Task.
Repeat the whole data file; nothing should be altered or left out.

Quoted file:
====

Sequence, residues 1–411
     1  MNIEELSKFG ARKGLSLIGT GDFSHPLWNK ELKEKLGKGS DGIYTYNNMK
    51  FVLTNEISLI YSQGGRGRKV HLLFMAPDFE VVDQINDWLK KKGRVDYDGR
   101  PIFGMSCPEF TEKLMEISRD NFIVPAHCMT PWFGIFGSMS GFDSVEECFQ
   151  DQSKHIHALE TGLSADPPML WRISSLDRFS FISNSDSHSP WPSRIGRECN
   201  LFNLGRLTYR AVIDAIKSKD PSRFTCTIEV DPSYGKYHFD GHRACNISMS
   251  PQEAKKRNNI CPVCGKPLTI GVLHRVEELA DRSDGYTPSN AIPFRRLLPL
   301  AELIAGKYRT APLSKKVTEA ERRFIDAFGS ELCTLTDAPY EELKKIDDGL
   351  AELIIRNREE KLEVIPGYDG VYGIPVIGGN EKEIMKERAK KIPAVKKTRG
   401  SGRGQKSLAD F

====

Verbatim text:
Sequence, residues 1–411
     1  MNIEELSKFG ARKGLSLIGT GDFSHPLWNK ELKEKLGKGS DGIYTYNNMK
    51  FVLTNEISLI YSQGGRGRKV HLLFMAPDFE VVDQINDWLK KKGRVDYDGR
   101  PIFGMSCPEF TEKLMEISRD NFIVPAHCMT PWFGIFGSMS GFDSVEECFQ
   151  DQSKHIHALE TGLSADPPML WRISSLDRFS FISNSDSHSP WPSRIGRECN
   201  LFNLGRLTYR AVIDAIKSKD PSRFTCTIEV DPSYGKYHFD GHRACNISMS
   251  PQEAKKRNNI CPVCGKPLTI GVLHRVEELA DRSDGYTPSN AIPFRRLLPL
   301  AELIAGKYRT APLSKKVTEA ERRFIDAFGS ELCTLTDAPY EELKKIDDGL
   351  AELIIRNREE KLEVIPGYDG VYGIPVIGGN EKEIMKERAK KIPAVKKTRG
   401  SGRGQKSLAD F